Readers tangle over John Roberts' conservative credentials. Plus: Was Roberts a better pick for women than Edith Jones?

Published July 23, 2005 8:44PM (EDT)

[Read "We've Got to Bork Roberts!" by Rebecca Traister and "Not Another White Man!" by Farhad Manjoo.]

I was very disappointed to read "We've Got to Bork Robert," Salon's account of the minuscule New York protest regarding John Roberts' nomination to the Supreme Court.

It's very disheartening to see protest leaders arguing that a Supreme Court justice needs to represent the views of a majority of Americans when it comes to abortion. That logic sounds awfully familiar. Let's take a step back and imagine (however implausible it seems) that President Bush had nominated a supporter of gay marriage to the Supreme Court. What would the Christian right be crowing about? Why, they'd be saying, "How could the president choose someone who doesn't represent the majority's view that gays should not be allowed to wed?"

So let's stop using this logic to argue against Roberts' confirmation. The views of the majority -- whether it's regarding privacy, free speech, abortion, gay marriage or owning firearms -- have absolutely nothing to do with the Supreme Court. I'm no fan of Roberts either, but please, find a better reason to complain about him.

-- Daniel Jones

As a Deaniac, pro-choice, anti-Iraq-war liberal from Washington, D.C., my Bush-hating credentials are as strong as anyone's.

But I must say, liberals are embarrassing themselves with the knee-jerk reaction to the Roberts nomination. The fact is, this man has a distinguished, if relatively short, career. His anti-Roe vs. Wade credentials are unclear; and abortion as a stand-alone litmus test of suitability is an absurdity when there are thousands of critical issues affecting our country. Complaints about his gender and race are obnoxious examples of identity politics and ring truly hollow when leveled against an administration whose Cabinet is packed with women and ethnic minorities but that still manages to enact policy after policy I disagree with.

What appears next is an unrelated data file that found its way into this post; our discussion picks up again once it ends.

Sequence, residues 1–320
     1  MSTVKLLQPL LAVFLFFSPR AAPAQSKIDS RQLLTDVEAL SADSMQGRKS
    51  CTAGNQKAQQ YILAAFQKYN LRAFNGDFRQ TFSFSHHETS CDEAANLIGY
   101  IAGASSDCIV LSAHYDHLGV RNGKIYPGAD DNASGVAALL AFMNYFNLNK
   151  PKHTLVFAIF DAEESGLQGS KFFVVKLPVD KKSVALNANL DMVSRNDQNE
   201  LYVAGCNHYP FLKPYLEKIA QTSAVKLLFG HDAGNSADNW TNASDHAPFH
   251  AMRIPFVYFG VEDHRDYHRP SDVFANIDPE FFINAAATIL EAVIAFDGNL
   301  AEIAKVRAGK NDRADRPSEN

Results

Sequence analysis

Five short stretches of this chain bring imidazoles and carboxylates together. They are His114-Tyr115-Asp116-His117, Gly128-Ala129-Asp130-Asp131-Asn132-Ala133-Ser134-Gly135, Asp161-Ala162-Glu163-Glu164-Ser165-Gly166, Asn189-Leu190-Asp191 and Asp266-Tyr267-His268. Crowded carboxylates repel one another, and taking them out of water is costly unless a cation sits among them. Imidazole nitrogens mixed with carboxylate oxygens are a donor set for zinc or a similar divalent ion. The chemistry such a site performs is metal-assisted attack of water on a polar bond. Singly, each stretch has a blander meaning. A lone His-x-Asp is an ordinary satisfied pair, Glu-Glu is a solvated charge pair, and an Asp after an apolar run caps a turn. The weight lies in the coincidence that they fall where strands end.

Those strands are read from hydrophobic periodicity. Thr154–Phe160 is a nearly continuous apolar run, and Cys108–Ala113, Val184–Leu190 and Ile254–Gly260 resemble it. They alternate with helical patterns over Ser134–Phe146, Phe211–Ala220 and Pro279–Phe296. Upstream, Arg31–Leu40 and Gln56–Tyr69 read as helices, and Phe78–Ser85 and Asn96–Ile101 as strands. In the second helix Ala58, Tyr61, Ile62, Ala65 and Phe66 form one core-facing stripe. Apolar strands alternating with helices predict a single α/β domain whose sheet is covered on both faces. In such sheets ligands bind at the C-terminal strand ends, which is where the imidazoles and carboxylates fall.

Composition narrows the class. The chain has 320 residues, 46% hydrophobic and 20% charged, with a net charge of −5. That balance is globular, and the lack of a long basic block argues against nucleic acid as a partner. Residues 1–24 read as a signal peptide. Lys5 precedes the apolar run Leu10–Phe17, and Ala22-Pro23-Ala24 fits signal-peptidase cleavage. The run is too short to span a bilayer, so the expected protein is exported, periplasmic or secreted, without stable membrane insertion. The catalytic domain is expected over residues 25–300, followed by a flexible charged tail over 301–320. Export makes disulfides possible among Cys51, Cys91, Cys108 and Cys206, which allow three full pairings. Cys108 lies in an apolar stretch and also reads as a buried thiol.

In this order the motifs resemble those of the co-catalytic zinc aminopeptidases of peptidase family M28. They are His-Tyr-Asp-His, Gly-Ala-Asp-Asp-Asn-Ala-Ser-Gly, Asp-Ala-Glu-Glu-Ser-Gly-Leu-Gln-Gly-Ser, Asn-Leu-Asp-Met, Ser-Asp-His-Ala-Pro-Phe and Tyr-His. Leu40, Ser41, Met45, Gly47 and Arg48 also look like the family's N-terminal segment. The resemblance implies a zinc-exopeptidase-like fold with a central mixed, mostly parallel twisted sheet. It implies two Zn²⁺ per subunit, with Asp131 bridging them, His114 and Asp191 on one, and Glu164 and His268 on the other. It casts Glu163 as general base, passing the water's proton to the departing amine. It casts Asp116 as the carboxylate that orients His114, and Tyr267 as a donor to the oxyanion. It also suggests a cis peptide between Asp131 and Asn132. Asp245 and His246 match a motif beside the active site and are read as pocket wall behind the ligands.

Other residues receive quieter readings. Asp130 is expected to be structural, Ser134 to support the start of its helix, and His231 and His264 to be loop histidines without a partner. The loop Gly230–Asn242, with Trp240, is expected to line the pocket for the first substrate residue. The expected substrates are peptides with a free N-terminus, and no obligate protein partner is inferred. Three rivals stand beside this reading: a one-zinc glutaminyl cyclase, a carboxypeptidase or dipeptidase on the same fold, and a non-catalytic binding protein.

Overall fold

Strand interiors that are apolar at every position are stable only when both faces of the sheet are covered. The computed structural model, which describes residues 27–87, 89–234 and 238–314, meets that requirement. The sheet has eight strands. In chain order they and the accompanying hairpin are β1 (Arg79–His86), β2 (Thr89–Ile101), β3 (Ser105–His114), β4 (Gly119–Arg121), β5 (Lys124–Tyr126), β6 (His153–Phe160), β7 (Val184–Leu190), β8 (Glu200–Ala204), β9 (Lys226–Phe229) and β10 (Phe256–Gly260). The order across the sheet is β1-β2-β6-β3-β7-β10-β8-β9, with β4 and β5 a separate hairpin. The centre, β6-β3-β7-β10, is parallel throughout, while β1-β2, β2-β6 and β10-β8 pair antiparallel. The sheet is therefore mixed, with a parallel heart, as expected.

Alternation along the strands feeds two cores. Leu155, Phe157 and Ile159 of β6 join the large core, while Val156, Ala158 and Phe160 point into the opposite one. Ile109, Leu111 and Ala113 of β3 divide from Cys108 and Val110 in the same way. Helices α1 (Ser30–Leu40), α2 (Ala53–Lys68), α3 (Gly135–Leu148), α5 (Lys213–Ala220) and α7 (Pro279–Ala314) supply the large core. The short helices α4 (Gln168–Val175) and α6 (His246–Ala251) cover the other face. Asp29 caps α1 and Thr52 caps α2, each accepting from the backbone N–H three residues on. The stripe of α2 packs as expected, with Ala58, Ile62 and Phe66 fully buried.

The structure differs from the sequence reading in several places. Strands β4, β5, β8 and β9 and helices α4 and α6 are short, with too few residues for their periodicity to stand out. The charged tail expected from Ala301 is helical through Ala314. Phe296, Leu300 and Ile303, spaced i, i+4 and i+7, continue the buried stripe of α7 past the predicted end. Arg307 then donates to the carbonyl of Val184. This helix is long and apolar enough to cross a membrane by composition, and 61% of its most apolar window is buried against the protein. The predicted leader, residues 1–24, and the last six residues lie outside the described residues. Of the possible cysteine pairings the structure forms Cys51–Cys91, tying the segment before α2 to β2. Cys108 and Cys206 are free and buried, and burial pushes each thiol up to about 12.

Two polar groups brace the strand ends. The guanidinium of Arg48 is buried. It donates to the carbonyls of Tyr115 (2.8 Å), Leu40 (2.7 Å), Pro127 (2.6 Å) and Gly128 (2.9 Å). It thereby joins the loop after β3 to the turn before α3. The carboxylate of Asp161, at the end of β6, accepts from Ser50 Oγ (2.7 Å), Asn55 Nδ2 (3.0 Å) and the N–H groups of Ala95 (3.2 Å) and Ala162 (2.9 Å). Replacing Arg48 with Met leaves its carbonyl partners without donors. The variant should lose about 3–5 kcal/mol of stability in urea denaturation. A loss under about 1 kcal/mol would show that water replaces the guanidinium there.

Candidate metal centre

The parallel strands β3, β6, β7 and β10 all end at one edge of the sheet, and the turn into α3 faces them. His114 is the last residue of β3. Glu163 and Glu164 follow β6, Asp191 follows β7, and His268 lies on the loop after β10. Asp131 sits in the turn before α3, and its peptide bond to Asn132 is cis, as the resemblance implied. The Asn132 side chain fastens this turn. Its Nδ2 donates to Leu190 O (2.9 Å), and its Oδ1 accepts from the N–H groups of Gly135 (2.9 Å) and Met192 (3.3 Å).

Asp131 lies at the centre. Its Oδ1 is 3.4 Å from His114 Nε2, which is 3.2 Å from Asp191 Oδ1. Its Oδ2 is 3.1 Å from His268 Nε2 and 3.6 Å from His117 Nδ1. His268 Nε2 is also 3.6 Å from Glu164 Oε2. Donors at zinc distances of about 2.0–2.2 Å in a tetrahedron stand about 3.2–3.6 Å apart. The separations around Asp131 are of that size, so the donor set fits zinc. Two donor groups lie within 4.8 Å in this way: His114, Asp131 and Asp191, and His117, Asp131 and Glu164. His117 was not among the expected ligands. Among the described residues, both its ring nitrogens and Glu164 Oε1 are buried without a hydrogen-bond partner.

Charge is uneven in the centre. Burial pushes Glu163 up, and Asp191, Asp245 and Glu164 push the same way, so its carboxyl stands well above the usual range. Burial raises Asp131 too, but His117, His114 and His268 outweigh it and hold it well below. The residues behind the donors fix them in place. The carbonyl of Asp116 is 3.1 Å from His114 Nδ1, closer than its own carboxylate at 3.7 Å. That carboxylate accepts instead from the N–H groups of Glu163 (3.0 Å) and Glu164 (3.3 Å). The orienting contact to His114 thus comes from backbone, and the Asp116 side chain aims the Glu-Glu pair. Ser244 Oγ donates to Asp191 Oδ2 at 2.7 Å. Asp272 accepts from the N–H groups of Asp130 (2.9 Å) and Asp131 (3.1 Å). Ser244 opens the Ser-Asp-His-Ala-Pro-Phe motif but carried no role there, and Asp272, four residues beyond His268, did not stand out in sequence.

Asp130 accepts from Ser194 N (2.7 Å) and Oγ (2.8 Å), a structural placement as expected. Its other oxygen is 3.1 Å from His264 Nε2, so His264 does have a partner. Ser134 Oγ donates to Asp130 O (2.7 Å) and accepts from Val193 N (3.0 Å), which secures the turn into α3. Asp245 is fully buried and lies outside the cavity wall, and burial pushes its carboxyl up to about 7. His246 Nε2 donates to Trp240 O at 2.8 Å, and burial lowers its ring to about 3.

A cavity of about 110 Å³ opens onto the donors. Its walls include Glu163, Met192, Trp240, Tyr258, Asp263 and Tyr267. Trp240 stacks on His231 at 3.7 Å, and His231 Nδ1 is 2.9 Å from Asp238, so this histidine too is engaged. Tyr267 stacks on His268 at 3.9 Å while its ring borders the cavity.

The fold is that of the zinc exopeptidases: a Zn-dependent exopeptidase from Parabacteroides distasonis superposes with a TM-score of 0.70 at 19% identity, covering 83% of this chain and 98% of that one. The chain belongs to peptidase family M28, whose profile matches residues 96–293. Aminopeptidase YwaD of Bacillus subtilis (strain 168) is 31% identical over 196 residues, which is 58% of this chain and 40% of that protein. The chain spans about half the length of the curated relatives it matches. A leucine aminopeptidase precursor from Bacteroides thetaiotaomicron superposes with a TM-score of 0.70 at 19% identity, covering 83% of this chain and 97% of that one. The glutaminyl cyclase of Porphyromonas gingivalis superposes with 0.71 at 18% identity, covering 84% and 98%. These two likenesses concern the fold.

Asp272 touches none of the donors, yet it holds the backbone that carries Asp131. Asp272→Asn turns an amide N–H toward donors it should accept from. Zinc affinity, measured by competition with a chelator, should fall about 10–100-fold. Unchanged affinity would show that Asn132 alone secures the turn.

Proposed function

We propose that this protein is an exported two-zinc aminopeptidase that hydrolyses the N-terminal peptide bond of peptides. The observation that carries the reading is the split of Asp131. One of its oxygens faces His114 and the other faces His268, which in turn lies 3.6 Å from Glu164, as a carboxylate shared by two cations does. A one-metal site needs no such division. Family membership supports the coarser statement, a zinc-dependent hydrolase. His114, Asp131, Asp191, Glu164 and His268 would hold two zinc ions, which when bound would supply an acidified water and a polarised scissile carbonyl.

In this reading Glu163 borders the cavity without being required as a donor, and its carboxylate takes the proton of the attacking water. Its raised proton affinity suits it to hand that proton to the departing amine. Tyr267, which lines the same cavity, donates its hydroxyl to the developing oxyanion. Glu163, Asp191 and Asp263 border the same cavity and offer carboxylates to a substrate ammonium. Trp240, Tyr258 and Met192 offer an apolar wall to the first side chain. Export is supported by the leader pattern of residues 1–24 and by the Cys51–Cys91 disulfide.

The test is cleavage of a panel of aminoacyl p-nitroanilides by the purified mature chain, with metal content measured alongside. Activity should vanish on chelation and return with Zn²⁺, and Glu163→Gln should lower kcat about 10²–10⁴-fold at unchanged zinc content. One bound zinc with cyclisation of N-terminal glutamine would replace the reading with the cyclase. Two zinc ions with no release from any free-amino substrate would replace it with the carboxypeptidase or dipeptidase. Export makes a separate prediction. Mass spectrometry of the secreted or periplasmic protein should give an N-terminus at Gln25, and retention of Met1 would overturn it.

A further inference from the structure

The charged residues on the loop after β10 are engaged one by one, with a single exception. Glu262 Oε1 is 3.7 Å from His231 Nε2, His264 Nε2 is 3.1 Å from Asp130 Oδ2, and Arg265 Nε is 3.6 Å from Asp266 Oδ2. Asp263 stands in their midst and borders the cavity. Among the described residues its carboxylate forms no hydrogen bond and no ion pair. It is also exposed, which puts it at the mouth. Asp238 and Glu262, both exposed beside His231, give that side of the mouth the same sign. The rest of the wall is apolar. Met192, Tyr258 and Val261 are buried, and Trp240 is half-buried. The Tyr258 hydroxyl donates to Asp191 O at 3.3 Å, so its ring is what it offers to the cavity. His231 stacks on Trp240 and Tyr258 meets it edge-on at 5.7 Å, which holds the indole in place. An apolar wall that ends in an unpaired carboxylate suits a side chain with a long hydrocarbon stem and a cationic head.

I strongly encourage you and the rest of the left to give the man a chance. Watch his hearings closely. If he turns out to be objectionable, we will fight him; I'll be first out of the gate. But for now, leave the hysterics to shrill wackos like Ann Coulter, whose antipathy toward Judge Roberts may be his strongest endorsement. There's no need to Bork a man who may in the end be another David Souter.

-- Eric Emrey

I disagree completely with those who say that Democrats should let this nomination pass through easily. From a political point of view, to kow-tow now would be to dig our own graves.

The fact of the matter is, the public is alienated from the Democratic Party because there doesn't seem to be any fight in it. The Republicans have fought hard and have won because of it. We can't be the party of appeasement and expect any respect from the American people. Democrats must fight for the values of their party.

If we don't fight now, we risk losing future voters who will eventually be scared off by conservative incompetence and extremism. As a hypothetical, take Roe vs. Wade. Should it be overturned, the Democrats would be able to take that to the bank. Unless they are seen as weak, in which case they will continue to lose out to the solid voters within Bush's base as thousands of potential voters stay home again.

I'm not saying filibuster for months on end. But let's at least rip this guy without mercy and fire up the base. It's certainly a start.

-- Tim Lewis